The timeless New York 30 celebrates 100 years, still mesmerizing the sailors devoted to her charms
The timeless New York 30 celebrates 100 years, still mesmerizing the sailors devoted to her charms
W illiam Doyle’s words, spoken in the sailing sanctuary that is the New York Yacht Club’s oak-paneled model room in Manhattan, sounded like blasphemy.
The house lights had been dimmed during
the dinner to honor the 100th anniversary of Nathanael G. Herreshoff’s timeless design, the New York 30 sloop. Spotlights shining in the glass model cases were the room’s only illumination. A Caen-stone fireplace rose a full story into the shadows above the eight linen-draped dining tables, like an altar for the assembled boat lovers. Standing before the lectern, Doyle named the 18 original NY-30 owners — J.P. Morgan, Alfred Vanderbilt, George Roosevelt and the rest — and went on to explain what, for him, was the reason for the assembly.
“They were wood,” he said of the NY-30s. “They were well-constructed. They were nice boats. But they really weren’t that remarkable. They were about like the J/24s of 1905 in their status.”
One expected gasps of horror, but there were none as Doyle continued his explanation of why, 100 years after the club ordered 18 of the boats from Herreshoff, there were a dozen of them still around, half of them still sailing and several others undergoing restoration.
“The fleet really lasted because of the people,” Doyle said.
Certainly the oak frames that Herreshoff shaped in 1905 would have all rotted under
the more durable longleaf yellow pine planking and the hackmatack knees without the generations of adoring owners. The allure of these boats, however, came from their stiletto-sharp lines and powerful sail plan with enough canvas for a small circus tent. Whether by form or function, people have been drawn to the boat as much as they have coddled it.
David Stimson, a professional boatbuilder who this year restored NY-30 No. 1, Alera, at the Boothbay Harbor, Maine, boatyard he manages, is enthralled by the function. “It is not only a fast boat but wholesome, being able to take a fair amount of wind and weather without lying down,” says Stimson. He recently sailed the century-old boat to Newport, R.I., for a centennial event. “We had one four- or five-hour stretch to Provincetown [Mass.], 25 to 30 knots of wind, 4- to 6-foot rollers on the beam. She took all that energy and transferred it into forward motion,” he recalls with admiration.
Carlo D’Antonio, owner of NY-30 No. 15, Banzai, is dazzled by the form. “I love that boat,” says the cabinetmaker from Martha’s Vineyard who spent four years restoring his boat. “Tremendous beauty. So pleasing to look at, to my eyes.”
Doyle, who crews aboard NY-30 No. 9, Amorita, told his New York Yacht Club audience that the NY-30 was spawned in September 1904, when the club formed a committee to establish a one-design class that would qualify to compete in club races.
In November 1904, Nathanael Herreshoff presented the club with the specifications of a boat with a 30-foot waterline and a cost of $4,000 each, but with no plans. Rudder magazine later said that “every man of this group bought a boat on faith.”
Doyle said the club members chose Herreshoff as the designer because he could also build the boats, while another designer would have had to subcontract the construction. And they wanted the boats ready to sail in the spring. By Jan. 20, 1905, the first NY-30, Alera, was completed by the Herreshoff production line and the last boat, Anemone II, was finished on April 18. The boats came fully equipped, Doyle said — everything on board, from two anchors and eight life jackets to one scrub brush and one dust pan. Every piece of equipment had to be on board during a New York Yacht Club race, Doyle told his audience, because of a club rule that required each boat to have a 30-foot waterline. The NY-30 wasn’t quite low enough in the water until the last pillowcase was on board.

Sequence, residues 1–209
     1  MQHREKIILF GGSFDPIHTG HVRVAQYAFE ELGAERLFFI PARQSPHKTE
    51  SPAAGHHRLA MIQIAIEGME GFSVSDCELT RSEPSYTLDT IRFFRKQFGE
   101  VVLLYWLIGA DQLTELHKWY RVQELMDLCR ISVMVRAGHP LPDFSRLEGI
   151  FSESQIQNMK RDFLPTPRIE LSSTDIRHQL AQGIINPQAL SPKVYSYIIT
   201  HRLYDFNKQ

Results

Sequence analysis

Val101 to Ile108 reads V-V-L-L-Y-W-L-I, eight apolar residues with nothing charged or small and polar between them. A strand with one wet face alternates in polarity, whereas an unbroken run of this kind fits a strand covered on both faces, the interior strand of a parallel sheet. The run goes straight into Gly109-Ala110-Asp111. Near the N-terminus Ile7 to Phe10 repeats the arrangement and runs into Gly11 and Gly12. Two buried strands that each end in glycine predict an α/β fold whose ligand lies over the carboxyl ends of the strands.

Doyle speaks of the boat’s “aura” and tells the story of an owner who sailed NY-30 No. 11, Oriole, during the 1930s. Returning from a sail one day, he collapsed on the dock. His dying words, Doyle says, were to plead that someone take care of his boat.
As the fleet begins its second century, more stories about NY-30 ownership are coming forth. Consider, for example, the current owner of Cara-Mia, NY-30 No. 14. Alfred Slanetz found her in a cornfield outside of Newport, R.I., in 1991 and “fell in love with the long, sleek lines.” He says he patched the boat together and sailed her for a year before he realized she needed serious repairs. The original plan was a partial restoration, but Slanetz found that Herreshoff had not just slapped the boat together. Rather, her strength was a product of detailed engineering, and that demanded a total rebuild.
It was 2000 when Cara-Mia was relaunched. By then, the boat — which originally had no engine — had an auxiliary tucked inside an Edwardian-paneled box that complements the restored woodwork throughout the interior. The yawl rig that someone had given Cara-Mia was replaced with authentic spars, and the hardware was brought back to original specifications.
“They’re just beautiful boats and wonderful sailboats,” Slanetz says. “The people in the club that originally owned these boats… could have bought any boat they wanted” but were drawn in by the modest sailboat. “You touch the tiller and the boat turns up or down,” Slanetz says. “Exquisitely sensitive” is his term. He credits this quality and the fact that a NY-30 is an “exciting boat to sail” for keeping the fleet alive.
It was a purely physical attraction that led Samuel Birger to romance Carlita, NY-30 No. 8. The naming consultant from Newport was taking a class at the International Yacht Restoration School “for fun more than anything else” when he went to a boatyard for some wood. There he saw Nautilus, NY-30 No. 16. “There’s still a scar where my jaw hit the floor,” he jokes. He wanted his own NY-30 and in time found a hull in Greenport, N.Y., which he bought at auction in 1997.
“She had been covered over in fiberglass,” Birger says. The sheer had been raised by two planks, and a Rhodes-style cabin house had replaced the original, squared Herreshoff cabin with its trademark oblong ports. The gaff rig had been replaced with aluminum spars and a Marconi sail plan. Despite these changes, Carlita’s heritage was obvious in her lines, Birger says. “When the fiberglass was removed, we found a hull of original planking in remarkably good condition. The knots were still leaking sap.” The proof of her pedigree was the Herreshoff build number carved into the keelson. He began a restoration.